The agreement, signed by Presidents Vladimir Putin and Viktor Yanukovich on Tuesday, includes provisions for "development of the social-economic sphere of Sevastopol," the Crimean city where Russia's Black Sea Fleet is based. It also provides for the "resolution of problems of taxation" and customs control for equipment for the Russian forces aimed at "limiting border, customs, and other types of government control.
But probably the most important provision related to the Black Sea Fleet is that the two sides agree to "start negotiations on preparation of a bilateral agreement on replacement of weaponry and military equipment" of the fleet. This has been the most contentious issue between the two sides, whether Russia will be allowed improve the level of equipment for the fleet or simply replace old ships with newer versions of the same class. Russia has wanted to expand the fleet, while Ukraine wants Russia only to be able to replace like with like. Although there aren't specifics (at least in the version of the agreement publicly released), Russian military expert Dmitry Gorenburg told The Bug Pit that just the agreement to start discussing replacement of equipment is "potentially very significant" and that an agreement "would probably create an environment where subsequent presidents wouldn't be able to prevent replacement."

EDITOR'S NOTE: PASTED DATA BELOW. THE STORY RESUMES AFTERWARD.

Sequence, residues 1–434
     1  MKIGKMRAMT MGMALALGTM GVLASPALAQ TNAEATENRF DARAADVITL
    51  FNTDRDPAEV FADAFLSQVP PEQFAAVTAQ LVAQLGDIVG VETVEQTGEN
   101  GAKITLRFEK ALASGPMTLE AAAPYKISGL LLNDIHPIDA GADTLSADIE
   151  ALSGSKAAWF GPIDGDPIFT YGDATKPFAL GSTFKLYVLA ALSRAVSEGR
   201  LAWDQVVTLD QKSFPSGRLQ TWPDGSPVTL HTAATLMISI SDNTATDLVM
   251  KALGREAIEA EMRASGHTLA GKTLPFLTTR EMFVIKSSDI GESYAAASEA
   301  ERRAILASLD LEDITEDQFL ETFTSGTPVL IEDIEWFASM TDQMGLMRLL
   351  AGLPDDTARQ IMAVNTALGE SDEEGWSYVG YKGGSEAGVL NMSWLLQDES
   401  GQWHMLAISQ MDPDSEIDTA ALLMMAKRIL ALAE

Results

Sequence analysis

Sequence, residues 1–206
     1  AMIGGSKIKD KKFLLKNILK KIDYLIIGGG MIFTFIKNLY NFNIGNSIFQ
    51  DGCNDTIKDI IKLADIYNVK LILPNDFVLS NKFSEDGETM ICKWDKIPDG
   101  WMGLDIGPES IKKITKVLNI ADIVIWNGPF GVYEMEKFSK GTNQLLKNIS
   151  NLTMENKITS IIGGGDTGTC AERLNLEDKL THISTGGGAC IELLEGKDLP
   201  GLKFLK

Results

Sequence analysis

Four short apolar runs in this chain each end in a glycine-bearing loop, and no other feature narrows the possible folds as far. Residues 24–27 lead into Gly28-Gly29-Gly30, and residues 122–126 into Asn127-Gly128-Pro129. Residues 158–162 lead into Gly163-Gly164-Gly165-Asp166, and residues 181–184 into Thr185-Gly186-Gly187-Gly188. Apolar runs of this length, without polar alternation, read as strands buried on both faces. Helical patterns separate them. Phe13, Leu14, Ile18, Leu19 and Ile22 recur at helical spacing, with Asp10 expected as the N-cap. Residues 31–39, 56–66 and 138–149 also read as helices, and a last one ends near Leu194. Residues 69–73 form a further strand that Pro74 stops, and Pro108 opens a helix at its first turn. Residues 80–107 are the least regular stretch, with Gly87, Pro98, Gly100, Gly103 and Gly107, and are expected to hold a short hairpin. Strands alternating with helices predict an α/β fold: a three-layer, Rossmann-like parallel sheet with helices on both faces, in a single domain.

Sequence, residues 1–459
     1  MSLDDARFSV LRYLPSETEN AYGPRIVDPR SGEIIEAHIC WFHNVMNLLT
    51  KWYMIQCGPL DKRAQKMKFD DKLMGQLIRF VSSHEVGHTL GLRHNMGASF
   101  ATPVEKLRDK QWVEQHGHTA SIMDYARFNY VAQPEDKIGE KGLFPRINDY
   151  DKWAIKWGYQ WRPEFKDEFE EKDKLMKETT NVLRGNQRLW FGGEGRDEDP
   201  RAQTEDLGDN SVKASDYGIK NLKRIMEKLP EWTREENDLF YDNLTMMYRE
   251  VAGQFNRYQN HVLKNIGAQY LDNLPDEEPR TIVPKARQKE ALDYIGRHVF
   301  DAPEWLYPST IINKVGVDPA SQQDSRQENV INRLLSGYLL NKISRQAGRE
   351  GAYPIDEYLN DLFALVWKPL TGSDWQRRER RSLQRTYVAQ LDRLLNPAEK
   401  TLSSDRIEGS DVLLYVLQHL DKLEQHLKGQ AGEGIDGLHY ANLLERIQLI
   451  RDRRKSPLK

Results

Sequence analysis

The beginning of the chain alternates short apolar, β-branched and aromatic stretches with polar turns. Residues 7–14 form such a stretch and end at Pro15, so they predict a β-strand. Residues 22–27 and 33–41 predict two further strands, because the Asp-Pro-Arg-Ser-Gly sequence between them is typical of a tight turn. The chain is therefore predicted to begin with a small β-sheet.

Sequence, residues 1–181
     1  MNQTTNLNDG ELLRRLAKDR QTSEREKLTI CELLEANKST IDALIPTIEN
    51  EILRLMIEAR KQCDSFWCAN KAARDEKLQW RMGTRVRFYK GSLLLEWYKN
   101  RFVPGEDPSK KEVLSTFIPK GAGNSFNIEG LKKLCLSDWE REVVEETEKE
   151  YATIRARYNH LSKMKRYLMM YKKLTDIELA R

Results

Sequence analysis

These are issues that have been discussed by Ukraine and Russia for some time. And as the two sides have been discussing a bailout package to help Ukraine's economy (and possibly to help resolve the political crisis in Kiev), the possibility of including provisions related to the fleet had already mooted. Last week an unnamed Russian official told reporters: "Maybe if they suggest better terms for our fleet, why not" sign a bailout deal for Ukraine.
Meanwhile, Ukraine's nationalist politicians have been warning that Russia might be trying to sneak in an expansion of the fleet into the ongoing negotiations, and even warned that if the situation got out of hand that the fleet would take control of the Crimean peninsula.
During a speech at the meeting where the agreement was reached, Putin also discussed the fleet. Though he didn't mention anything about expansion, he seemed to suggest that Ukrainian companies could contribute more to the maintenance of the fleet:
Russia and Ukraine can work together more closely on the international stage and expand policy coordination on current global issues, above all regional security, in which Russia’s Black Sea Fleet, which is based at Sevastopol, plays a key part.
We need to renew all-round cooperation in military and military-technical affairs. I discussed this in depth with President Yanukovych. As our countries build closer economic and political links, we are ready to look at the possibility of drawing on the Ukrainian economy’s capability for the needs of Russia’s armed forces, including in areas such as carrying out repairs and so on. The Russian and Ukrainian defence ministries have already drafted specific proposals in this area.